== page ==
This group project on bathroom accessibility was created for a User-Centered Design class at the University of Washington.


The Ave is a street hosting a mix of restaurants, stores, and people – students and neighborhood residents alike. As bumbling as it is, it lacks certain resources such as public restrooms. People often resort to using restrooms inside shops; however, many store owners only allow customers to use their facilities.  This poses an inconvenience to many patrons, including the local homeless population who can’t dole out cash for basic access to a restroom.  Where public restrooms do exist, they are often places of criminal activity, loitering, and uncleanliness.

Our set of restroom screen interfaces aims to bridge this gap and make public restrooms more accessible and safe to use.

Research and Ideation

To address the problems surrounding public restrooms, we surveyed a broad spectrum of people who frequent The Ave, and asked them what kind of public restroom features they’d like to see implemented.  Taking this information, we organized these features into two main categories: hygiene resources and safety resources.  We then broke these two categories down into smaller needs people might have, and brainstormed different ways we could satisfy these needs.

An affinity diagram for common public restroom needs


We created personas using our surveys with the public to represent different stakeholders who might be influenced by our solution, including UW students, the local homeless population, and neighborhood families. The persona to the right is of Peter Anderson, a local homeless man who lacks hygiene resources.  


In trying to create a solution that would improve the quality of public restrooms, we decided on a two-part interface solution.  The physical nature of the restrooms would be a compound of individual restroom “rooms”, not just stalls.  A user would have complete privacy within one of these rooms, as well as a sink, toilet, shower, diaper changing table, and a toiletry vending machine.

Our first interface resides inside an individual restroom, allowing the user to interact with and adjust amenities. The second interface controls the compound of restrooms, allows the user to view restroom availability, and select one restroom for their use.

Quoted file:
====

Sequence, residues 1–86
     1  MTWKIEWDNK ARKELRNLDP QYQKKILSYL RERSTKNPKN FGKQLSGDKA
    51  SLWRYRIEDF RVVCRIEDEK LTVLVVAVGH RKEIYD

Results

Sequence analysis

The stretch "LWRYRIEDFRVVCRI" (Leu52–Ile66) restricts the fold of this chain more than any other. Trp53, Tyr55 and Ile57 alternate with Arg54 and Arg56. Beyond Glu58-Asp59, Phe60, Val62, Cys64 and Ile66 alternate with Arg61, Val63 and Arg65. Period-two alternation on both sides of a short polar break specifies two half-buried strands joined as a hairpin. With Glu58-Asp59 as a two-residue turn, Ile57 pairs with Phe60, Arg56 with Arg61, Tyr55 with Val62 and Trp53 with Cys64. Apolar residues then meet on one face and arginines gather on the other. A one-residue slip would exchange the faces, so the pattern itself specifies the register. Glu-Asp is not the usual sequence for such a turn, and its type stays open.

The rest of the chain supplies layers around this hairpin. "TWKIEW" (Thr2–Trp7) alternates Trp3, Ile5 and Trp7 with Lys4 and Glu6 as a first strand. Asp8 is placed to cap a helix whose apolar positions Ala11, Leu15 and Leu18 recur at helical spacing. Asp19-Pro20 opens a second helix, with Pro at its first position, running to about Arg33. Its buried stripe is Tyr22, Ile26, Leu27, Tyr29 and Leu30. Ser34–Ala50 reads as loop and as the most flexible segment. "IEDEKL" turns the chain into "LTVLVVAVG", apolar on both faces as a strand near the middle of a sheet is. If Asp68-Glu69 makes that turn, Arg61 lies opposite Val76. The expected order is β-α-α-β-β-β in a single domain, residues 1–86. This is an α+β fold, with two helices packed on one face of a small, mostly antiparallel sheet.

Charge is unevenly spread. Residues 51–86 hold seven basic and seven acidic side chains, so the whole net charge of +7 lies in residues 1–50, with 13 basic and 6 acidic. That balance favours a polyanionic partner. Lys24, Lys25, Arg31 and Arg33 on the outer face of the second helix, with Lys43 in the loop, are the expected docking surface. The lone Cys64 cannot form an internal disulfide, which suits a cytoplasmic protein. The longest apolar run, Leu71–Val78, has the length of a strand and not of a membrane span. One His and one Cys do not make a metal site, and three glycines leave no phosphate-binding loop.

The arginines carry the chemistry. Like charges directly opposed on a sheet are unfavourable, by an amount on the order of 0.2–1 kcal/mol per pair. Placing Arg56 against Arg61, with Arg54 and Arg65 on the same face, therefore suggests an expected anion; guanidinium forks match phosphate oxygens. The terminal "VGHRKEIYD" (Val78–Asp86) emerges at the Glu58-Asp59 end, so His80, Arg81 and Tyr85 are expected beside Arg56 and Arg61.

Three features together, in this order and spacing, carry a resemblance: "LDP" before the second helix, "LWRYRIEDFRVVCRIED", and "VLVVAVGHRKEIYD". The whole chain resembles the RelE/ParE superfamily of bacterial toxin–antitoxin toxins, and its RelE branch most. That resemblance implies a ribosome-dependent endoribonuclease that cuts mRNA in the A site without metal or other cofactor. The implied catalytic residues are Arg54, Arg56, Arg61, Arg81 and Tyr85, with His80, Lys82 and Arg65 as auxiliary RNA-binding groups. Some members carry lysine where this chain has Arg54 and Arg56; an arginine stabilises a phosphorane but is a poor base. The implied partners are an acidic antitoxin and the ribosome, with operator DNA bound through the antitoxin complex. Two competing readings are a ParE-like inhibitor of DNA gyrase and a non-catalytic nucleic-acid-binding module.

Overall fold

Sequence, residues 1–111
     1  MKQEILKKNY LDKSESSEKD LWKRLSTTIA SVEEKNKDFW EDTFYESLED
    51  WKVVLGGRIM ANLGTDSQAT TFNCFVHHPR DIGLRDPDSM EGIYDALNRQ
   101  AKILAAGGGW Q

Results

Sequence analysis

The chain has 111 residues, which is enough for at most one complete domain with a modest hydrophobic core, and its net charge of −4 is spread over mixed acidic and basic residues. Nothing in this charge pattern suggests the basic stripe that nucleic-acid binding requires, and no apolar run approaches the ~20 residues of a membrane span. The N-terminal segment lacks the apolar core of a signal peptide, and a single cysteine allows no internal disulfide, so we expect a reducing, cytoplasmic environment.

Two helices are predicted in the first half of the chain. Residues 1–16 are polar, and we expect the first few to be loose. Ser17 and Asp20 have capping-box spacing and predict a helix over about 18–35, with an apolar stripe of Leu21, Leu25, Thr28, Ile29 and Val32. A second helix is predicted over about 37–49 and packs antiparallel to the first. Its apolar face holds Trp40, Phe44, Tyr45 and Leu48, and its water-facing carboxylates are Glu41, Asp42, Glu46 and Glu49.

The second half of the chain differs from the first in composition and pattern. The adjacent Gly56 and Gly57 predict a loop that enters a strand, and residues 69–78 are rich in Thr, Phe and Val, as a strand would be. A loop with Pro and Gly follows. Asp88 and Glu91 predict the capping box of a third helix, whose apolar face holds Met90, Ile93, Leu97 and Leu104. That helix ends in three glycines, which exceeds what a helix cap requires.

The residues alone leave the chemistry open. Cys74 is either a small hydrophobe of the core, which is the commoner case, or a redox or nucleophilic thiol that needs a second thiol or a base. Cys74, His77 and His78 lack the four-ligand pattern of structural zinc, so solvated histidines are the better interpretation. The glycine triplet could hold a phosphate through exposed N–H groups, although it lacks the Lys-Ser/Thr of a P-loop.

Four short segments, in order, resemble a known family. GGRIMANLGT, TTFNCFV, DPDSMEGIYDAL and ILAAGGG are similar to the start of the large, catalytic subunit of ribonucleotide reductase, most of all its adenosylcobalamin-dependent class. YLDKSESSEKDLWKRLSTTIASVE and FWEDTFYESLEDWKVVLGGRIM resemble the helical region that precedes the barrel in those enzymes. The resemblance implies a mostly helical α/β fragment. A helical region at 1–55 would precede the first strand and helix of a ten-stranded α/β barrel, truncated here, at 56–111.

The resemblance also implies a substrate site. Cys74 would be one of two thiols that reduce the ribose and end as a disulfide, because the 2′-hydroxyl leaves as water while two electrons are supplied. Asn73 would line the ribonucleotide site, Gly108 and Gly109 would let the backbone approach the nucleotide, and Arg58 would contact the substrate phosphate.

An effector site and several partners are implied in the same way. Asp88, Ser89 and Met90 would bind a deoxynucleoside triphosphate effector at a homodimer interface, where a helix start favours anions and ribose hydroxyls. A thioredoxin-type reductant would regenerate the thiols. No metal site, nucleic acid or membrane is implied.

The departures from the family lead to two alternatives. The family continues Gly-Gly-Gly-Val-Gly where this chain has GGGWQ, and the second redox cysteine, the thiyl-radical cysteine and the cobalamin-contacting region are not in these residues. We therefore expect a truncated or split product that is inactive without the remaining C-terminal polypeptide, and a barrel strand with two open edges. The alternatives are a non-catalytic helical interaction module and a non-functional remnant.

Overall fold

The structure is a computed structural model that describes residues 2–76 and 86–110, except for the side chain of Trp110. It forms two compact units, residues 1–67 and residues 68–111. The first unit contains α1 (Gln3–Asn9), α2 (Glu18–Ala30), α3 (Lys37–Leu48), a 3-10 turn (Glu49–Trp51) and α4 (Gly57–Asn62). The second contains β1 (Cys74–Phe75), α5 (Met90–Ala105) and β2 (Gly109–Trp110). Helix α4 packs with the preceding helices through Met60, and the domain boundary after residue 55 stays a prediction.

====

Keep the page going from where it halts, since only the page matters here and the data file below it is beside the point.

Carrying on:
Our user research and personas lent us insight on what aspects of restrooms are most important to users, and what features they'd like to see implemented.  Our sitemap represents the hierarchy of the features we have included in our two interfaces.


With our sitemaps in mind, we created several scenarios, product sketches, and storyboards to inform our prototypes, and the final version of those prototypes are shown below.  These prototypes, initially printed out on paper, were tested with the surrounding public to gauge ease of use. 

Features to note include:

  • A secure door code that is presented at the time of restroom selection, to ensure the user is the only person who can get into the restroom for their allotted time limit
  • A timer that restricts the maximum amount of time a user can use their restroom
  • The ability to adjust the height of various amenities in the restroom, like diaper changing station and sink
  • A phone for emergency use
  • Utilities like maps, weather, and info on public transportation
  • A way to inform the maintenance staff that supplies have run out

Annotated Wireframes

After testing, we converted our paper prototypes into digital wireframes, mapping out the layout of our interfaces.